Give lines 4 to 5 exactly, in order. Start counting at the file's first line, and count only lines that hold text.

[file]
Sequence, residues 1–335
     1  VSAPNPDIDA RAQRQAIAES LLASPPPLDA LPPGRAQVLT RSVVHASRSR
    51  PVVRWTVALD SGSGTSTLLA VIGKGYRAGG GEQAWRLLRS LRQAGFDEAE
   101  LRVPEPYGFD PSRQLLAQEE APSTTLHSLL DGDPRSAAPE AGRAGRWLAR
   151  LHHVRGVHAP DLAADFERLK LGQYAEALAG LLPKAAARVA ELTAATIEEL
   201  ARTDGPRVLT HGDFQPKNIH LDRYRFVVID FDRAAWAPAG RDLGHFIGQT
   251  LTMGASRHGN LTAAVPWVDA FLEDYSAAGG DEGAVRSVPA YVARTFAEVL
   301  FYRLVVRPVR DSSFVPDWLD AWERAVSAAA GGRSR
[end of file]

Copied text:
   101  LRVPEPYGFD PSRQLLAQEE APSTTLHSLL DGDPRSAAPE AGRAGRWLAR
   151  LHHVRGVHAP DLAADFERLK LGQYAEALAG LLPKAAARVA ELTAATIEEL